I'm not saying this in the sense of "you should/shouldn't pursue your goal", I have no idea, I don't know what your goal is. But strangeness is often a highly valuable source of information. You really, really need to know why nobody else is pursuing your goal, and that information could help you find more people to help with your goal to address the second concern.

On a more fundamental level, answering that question could put the value of the goal in jeopardy, or, on the other hand, make it that much more important.


All good points. The only thing I feel I can add that addresses the strangeness in a general way are these quotes:

“There are those that look at things the way they are, and ask why? I dream of things that never were, and ask why not?” - Robert F. Kennedy

“The reasonable man adapts himself to the world: the unreasonable one persists in trying to adapt the world to himself. Therefore all progress depends on the unreasonable man.” - George Bernard Shaw

“The sweet spot is in good ideas that seem like bad ideas.” - Peter Theil

“Pursue the good ideas that, for some reason, others won't.” - Chris Dixon

“It's actually pretty easy to be contrarian. It's hard to be contrarian and right.” - Reid Hoffman


Maybe. I did this for many years, and then by circumstance my overarching goal turned to dust. That's a lot to take. Make sure you're on a path that has some enjoyment in the now. Don't just suffer for some future pleasure.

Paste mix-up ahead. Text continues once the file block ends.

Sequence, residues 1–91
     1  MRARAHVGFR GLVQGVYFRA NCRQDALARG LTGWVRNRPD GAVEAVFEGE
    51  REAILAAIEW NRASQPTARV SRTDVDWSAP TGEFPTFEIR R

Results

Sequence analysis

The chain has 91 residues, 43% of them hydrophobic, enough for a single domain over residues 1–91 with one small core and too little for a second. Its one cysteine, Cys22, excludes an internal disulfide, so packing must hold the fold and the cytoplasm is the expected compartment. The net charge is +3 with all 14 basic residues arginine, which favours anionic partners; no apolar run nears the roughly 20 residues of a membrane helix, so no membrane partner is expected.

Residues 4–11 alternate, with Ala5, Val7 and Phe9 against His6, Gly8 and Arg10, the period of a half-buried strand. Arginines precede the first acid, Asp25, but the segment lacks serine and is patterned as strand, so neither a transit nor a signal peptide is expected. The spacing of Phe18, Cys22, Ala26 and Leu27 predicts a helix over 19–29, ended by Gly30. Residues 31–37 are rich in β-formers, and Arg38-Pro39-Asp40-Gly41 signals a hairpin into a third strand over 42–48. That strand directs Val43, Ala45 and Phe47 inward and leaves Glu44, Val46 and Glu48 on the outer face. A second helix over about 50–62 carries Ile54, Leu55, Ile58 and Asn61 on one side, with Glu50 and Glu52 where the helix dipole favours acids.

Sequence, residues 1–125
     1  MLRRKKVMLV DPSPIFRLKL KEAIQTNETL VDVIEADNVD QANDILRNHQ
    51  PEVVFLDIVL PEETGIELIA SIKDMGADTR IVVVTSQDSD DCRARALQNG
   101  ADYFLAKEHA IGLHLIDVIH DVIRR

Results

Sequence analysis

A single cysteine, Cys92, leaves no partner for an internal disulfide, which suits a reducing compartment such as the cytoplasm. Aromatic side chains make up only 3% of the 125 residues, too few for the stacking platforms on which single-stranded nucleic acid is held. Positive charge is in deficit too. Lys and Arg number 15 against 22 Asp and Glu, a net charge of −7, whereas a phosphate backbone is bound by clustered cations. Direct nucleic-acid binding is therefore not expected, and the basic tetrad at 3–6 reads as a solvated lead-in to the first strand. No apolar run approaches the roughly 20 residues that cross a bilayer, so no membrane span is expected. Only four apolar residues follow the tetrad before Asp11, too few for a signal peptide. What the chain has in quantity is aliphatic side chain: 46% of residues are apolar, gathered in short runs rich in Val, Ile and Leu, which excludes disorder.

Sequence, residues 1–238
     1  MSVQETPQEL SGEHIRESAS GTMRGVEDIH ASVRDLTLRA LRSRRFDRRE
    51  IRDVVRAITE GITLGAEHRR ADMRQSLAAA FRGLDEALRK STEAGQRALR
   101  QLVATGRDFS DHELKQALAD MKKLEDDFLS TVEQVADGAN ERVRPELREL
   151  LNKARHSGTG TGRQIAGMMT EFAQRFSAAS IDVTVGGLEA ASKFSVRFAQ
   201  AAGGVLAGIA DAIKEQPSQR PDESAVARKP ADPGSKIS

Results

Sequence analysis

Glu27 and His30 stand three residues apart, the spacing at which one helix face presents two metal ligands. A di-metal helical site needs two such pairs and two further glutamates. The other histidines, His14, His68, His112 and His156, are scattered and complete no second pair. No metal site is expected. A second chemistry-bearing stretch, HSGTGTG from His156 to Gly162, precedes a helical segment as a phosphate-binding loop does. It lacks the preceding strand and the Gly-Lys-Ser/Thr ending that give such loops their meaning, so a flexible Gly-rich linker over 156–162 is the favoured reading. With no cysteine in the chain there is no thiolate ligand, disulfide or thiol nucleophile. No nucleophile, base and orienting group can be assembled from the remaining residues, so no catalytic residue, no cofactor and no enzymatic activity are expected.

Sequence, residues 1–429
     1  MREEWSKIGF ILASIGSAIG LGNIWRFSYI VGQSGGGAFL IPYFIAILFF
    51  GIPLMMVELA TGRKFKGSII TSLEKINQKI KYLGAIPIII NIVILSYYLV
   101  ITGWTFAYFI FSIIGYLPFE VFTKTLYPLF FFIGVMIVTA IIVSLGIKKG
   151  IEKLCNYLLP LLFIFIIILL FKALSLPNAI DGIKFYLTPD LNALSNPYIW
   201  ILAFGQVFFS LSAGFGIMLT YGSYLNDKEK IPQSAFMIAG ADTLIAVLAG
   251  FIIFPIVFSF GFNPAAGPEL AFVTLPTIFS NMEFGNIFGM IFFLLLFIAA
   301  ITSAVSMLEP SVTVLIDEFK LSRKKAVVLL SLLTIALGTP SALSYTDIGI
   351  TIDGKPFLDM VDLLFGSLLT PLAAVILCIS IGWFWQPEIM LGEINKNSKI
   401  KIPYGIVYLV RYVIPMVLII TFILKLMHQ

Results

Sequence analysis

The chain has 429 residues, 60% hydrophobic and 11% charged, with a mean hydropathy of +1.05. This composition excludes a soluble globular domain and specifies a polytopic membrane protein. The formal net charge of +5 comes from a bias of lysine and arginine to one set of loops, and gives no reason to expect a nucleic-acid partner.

> strongly held, over-arching life goal

Like what? I believe that I'm an incidentally self-aware thermodynamic curiosity; setting any sort of lifelong goal feels like an attempt to fool myself into feeling important.


Ah, but feelings of importance are merely incidental mental representations and emotional responses that are somewhat hard coded into our bio machinery, so I'm pretty sure the universe won't mind if you indulge every now and then. Having this self awareness adds a nice element of comic absurdity to the indulgence as well ;)


This line of reasoning feels like it's missing an important piece. If you consider yourself to be unimportant, then why is vanity a bad thing? It won't matter either way, except that you may feel better and be more active.


What's wrong with feeling important?


Most people are not driven really, so this advice won't work for them.


The lack of drive is itself the issue, though.


Why? Why should everyone by driven/obsessed? Most people are fine doing the minimum that is required to maintain their desired lifestyle level.


Well, remember the start of this conversation:

crush-n-spread: > I submit that the working person greatly benefits from having a strongly held, over-arching life goal.

I believe having a strong over-arching goal is very helpful for a person (working or otherwise). Helpful in the sense that it can offset certain problems or give the person better tools for working around/through them (i.e., depression, burnout, purposelessness, general decision making).

I don't think this is the same thing as ambition or obsession, although many people do turn that into their drive and I think that's fairly dangerous (the thing one is obsessed about may not work out).

I wouldn't really agree that most people are "fine" in some general sense, nor do most people typically subsist without any kind of life goal (religion is popular).